Archive for the ‘Vignettes from 19th Century District Visitation’ Category

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My 2018 journal article, “Desert Rose: Thomas Chalmers’ West Port Experiment (1844-1847),” published in the 2018 edition of The Confessional Presbyterian. Images used by permission. To purchase a copy, click here.

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Figures_Moses_fixes_the_brazen_Serpent_on_a_pole“As to the attendance of the people on the Sabbath ministrations of the missionary, you will doubtless find that they will give you very fair promises. They may all say they will go to church; but by many of them the promises will not be kept. In such circumstances, a very good plan, which I would recommend to you, would be this, — Let either the agent of the district, or some person on whom he can depend, after the hour at which the various churches go in, go to the district where the defaulters, — reside, and entering one of their houses, beg to be allowed to conduct a family exercise, to which the neighbours may be called in. Depend upon it, they will take it very well. They will of course feel themselves caught . . . but still they will tolerate you, and make their escape next Sabbath, by going to the place of worship. That’s one of a variety of doing the thing. It will bring them in contact with the gospel at any rate. The great matter is to get them into the habit of church-going.”

-Thomas Chalmers, 1844 lecture on the eve of the West Port Experiment


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‘We remember of having the seventh successive door slapped in our face ere we had time to tell our message, and of then going to another tenement and entering house by house only to find men and women rolling on the floor of a desolate dwelling in indiscriminate drunkenness; whilst mingling with their curses and their blasphemies, the heart-piercing looks and cries of their infant children assailed us with irresistible appeals for bread to allay the cutting pangs of hunger.’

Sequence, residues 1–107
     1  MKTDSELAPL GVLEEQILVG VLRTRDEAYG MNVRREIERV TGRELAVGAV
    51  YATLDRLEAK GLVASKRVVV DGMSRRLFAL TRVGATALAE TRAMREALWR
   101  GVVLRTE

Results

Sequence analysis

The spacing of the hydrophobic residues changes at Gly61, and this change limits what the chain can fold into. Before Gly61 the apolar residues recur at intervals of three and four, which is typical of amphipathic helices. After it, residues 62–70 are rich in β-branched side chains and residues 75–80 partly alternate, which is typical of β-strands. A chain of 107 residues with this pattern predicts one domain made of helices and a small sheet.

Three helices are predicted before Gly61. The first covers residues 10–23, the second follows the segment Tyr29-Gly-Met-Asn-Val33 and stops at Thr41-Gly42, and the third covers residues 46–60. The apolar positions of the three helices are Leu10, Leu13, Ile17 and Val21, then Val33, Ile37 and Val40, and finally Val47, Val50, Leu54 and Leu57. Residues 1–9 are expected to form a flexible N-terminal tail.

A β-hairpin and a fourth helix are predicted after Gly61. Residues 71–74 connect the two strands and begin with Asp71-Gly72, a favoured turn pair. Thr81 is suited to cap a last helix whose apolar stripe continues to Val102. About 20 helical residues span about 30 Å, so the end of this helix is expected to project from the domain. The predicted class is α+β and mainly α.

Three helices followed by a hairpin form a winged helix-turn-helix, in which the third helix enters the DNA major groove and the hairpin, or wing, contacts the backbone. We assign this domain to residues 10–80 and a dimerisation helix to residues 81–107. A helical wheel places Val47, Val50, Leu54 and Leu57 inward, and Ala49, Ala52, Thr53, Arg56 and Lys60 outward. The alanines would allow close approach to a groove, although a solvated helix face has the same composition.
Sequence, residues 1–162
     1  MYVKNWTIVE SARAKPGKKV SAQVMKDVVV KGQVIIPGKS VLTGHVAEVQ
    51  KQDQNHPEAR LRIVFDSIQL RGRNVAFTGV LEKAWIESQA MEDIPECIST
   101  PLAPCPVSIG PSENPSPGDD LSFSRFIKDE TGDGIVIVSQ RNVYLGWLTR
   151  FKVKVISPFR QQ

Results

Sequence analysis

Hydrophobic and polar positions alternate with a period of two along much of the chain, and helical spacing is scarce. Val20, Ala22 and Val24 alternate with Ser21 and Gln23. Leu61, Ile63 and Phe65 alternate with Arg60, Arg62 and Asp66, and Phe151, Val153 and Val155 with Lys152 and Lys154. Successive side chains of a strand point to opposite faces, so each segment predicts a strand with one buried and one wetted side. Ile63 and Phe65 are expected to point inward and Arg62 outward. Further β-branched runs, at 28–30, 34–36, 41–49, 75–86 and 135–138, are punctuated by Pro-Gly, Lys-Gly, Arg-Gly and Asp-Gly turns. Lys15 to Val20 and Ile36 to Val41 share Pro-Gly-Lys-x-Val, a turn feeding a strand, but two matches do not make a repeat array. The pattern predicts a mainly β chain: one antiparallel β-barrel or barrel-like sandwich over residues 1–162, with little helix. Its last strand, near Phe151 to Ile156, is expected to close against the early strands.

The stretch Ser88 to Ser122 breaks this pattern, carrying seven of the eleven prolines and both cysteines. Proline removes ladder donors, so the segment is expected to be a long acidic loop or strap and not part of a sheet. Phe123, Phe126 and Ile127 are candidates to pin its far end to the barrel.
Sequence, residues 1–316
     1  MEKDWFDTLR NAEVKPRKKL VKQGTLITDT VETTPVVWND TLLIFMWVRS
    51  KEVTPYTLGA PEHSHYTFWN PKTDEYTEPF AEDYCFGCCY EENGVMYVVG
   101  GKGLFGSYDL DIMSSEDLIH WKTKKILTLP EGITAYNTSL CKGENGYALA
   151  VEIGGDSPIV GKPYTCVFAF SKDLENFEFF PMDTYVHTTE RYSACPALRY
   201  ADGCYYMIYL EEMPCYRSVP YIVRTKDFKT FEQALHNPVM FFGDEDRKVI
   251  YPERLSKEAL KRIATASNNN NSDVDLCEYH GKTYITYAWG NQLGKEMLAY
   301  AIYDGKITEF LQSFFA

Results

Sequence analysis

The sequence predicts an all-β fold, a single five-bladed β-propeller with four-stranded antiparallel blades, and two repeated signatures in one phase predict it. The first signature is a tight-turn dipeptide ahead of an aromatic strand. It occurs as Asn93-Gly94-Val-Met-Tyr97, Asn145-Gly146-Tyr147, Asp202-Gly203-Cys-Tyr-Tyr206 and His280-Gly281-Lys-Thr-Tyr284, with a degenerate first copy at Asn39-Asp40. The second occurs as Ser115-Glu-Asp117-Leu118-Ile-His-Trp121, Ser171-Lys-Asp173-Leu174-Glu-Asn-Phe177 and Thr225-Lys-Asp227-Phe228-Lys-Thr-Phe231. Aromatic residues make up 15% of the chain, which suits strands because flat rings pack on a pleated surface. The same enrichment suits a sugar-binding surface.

-Rev. William Tasker, 1845

This link gives an introduction to Thomas Chalmers’ West Port experiment. The above quote is drawn from it.


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0_engraving_-_one_2_224_west_portI recently gave a lecture (sermon?) on the fascinating and inspiring story of Thomas Chalmers’ West Port Experiment in the slums of Industrial Edinburgh, from 1844-1847.  You can listen to it hereAd urbem!


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The following is an article that appeared in the ARBCA Quarterly Update, Feburary 2012, by the Rev. David Campbell, on Thomas Chalmers’ famous West Port Experiment of the mid-1840’s.  (British punctuation retained! Proper.)

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“The Most Joyful Event of My Life”